In the Botkin Folklife Lectures Plus series, we present selected lectures in our Benjamin Botkin Folklife Lectures series that also had accompanying oral history interviews, placing both together in an easy-to-find blog post. (Find the whole series here.) We’re continuing the series with a look at a book talk and interview with Billy Bragg, which occurred at the Library on July 21, 2017. Both videos are right here on this page–just scroll down! In case the embedded videos don’t work, at the bottom of the page are more viewing options.
Billy came to the Library of Congress to talk about his book, Roots, Radicals and Rockers: How Skiffle Changed the World. While he was here, I teamed up with the award-winning radio personality Mary Sue Twohy of Sirius/XM Radio to do a deep-dive oral history on Billy’s life and career.
Before Billy’s appearance, I wrote a substantial blog post about both his career and his book. As I noted then:
The book occupies the middle ground between music history, pop culture scholarship, and folklore. It tells the story of the skiffle music craze, which hit Britain in the mid-1950s, examining its roots in folk music and jazz, its social and cultural contexts, and its impact on later pop and folk music. The book covers major figures from Ken Colyer and Lonnie Donegan to Alan Lomax and Ewan MacColl, and on to John Lennon and Jimmy Page. More importantly, it covers the throngs of regular kids who made music while pursuing other jobs and livelihoods—an approach that makes Billy Bragg a “Hidden Folklorist,” perhaps even a “Blokelorist.”
That earlier post features photos from the book and a detailed summary, as well as a primer on Bragg’s career as a prominent singer-songwriter on the British punk, folk, and pop scenes. It’s a good teaser for the videos included here, so read it at this link!
In brief, Skiffle was a music movement in Britain in the 1950s which, among other things, put guitars in the hands of a generation of British youth, including John Lennon, George Harrison, Paul McCartney, Jimmy Page, and many others. It had its roots in some of the recordings made by John and Alan Lomax and Lead Belly (Huddie Ledbetter) for the Library of Congress in the 1930s. For that reason, Billy was eager to talk about his book here at the Library, and AFC was proud to present his talk. Find the video in the player below, then scroll down for the oral history.
In that earlier blog post, I also introduced Billy’s career:
So just who is this Bragg fellow? He’s reinvented himself a few times over the years, so I may have to catch you up. You might know some of the hits he produced in the 1980s; his gentle teen love song “A New England” moved his own fans in 1983 when he recorded it with just his guitar, then reached an even wider audience through Kirsty MacColl’s pop arrangement a year later, which was a top-ten hit. His labor anthem “Between the Wars” got some of the same kids thinking about politics and justice, when he sang it on the TV show Top of the Pops in 1985. Continuing to write an equal mix of tortured love songs and polemical barn-burners, he captured the energy, idealism, and angst of youth in 1980s Britain. He was even sometimes called the “spokesman for his generation,” which he famously quipped was “the worst job I ever had.”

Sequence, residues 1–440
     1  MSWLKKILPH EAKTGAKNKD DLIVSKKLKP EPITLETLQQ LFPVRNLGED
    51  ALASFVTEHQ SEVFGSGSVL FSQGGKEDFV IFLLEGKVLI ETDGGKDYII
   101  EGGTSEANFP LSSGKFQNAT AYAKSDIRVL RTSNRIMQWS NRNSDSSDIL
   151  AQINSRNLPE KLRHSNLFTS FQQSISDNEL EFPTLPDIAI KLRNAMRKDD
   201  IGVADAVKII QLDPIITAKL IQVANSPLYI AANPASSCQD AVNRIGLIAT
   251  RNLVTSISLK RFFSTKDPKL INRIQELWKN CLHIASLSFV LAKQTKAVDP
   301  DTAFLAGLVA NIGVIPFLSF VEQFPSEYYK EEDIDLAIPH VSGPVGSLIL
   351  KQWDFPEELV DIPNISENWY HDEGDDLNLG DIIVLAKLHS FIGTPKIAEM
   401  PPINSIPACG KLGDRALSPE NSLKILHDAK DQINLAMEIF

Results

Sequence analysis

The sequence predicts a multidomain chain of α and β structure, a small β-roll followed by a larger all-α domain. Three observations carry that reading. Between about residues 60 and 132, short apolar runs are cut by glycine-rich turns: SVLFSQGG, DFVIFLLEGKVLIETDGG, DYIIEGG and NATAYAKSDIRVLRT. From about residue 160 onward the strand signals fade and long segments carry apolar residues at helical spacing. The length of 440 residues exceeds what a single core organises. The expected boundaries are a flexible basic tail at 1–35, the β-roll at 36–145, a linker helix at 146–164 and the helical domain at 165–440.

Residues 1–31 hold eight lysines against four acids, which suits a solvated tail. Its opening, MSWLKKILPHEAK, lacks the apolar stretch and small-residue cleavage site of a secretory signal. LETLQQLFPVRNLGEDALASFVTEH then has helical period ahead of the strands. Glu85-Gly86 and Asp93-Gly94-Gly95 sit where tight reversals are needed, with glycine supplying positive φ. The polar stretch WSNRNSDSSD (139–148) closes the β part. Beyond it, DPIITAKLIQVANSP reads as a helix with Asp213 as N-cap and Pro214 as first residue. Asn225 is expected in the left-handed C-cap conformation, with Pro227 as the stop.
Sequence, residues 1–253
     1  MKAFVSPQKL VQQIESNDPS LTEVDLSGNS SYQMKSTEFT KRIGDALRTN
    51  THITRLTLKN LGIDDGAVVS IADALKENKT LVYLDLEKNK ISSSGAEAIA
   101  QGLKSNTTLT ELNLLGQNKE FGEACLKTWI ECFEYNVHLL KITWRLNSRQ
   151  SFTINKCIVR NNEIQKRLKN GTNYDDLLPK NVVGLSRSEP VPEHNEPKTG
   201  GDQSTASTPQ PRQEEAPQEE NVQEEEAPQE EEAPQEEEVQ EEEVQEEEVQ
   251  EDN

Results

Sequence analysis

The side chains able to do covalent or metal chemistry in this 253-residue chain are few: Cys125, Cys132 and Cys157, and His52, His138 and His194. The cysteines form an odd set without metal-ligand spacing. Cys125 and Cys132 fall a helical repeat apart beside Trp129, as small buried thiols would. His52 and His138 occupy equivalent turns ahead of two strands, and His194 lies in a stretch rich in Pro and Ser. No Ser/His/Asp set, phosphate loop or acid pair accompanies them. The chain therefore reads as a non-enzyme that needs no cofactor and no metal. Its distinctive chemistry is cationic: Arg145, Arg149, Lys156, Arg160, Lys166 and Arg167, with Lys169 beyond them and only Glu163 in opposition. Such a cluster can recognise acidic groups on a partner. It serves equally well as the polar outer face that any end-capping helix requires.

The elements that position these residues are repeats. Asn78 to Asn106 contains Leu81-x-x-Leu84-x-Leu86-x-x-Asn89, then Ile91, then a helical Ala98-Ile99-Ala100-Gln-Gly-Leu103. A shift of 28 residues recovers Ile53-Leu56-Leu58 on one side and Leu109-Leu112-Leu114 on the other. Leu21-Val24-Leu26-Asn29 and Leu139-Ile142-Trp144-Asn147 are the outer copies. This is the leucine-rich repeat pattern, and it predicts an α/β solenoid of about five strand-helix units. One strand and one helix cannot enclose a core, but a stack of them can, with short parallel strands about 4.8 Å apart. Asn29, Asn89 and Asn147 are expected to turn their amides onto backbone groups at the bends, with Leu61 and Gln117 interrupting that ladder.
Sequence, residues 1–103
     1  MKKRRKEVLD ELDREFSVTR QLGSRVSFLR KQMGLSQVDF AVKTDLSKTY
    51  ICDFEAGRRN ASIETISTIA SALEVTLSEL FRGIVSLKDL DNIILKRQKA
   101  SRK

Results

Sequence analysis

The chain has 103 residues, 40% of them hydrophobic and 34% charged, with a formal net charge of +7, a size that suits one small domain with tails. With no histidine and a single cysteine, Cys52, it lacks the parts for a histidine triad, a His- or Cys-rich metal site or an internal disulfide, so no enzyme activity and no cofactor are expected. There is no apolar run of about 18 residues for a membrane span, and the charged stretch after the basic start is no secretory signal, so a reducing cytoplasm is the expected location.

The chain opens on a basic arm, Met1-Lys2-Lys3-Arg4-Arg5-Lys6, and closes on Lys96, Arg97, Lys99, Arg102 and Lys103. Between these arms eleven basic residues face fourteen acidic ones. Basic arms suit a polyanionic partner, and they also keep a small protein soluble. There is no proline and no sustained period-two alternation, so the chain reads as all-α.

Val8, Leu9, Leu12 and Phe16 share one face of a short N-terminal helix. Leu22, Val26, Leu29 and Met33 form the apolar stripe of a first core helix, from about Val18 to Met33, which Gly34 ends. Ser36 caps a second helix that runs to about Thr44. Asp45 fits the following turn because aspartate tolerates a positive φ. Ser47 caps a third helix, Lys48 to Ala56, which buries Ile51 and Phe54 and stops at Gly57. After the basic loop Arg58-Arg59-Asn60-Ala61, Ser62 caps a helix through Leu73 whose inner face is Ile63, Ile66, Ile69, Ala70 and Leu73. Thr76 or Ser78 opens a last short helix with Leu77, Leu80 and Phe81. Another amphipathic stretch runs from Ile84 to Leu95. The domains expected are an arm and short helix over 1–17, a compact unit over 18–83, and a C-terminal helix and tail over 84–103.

You might also remember Bragg’s deep involvement with the Woody Guthrie legacy, which came about when Woody’s daughter Nora had the inspiration to ask Bragg, along with the band Wilco, to write music for some of Guthrie’s unsung lyrics. That ultimately resulted in the three CDs of the Mermaid Avenue Sessions, as well as the documentary film Man in the Sand. Or you might have followed his career since then, during which he’s released thoughtful albums like William Bloke and England, Half English, as well as more polemical ones like Tooth & Nail and the compilation Fight Songs. If you’re a folk traditionalist, you might even know his work with the British folk-rock band The Imagined Village, which placed Bragg and other punk icons like Paul Weller alongside more traditional folk musicians in a folk-rock/electronica context.
Mary Sue and I covered all these topics and more in the oral history interview, which was wide-ranging and fun. Find the video in the player below!
More viewing options
You can find both of these videos with more bibliographic information on the Library of Congress website, with the lecture here at this link and the oral history at this link. You can also find them on YouTube, with the lecture here at this link and the oral history at this link.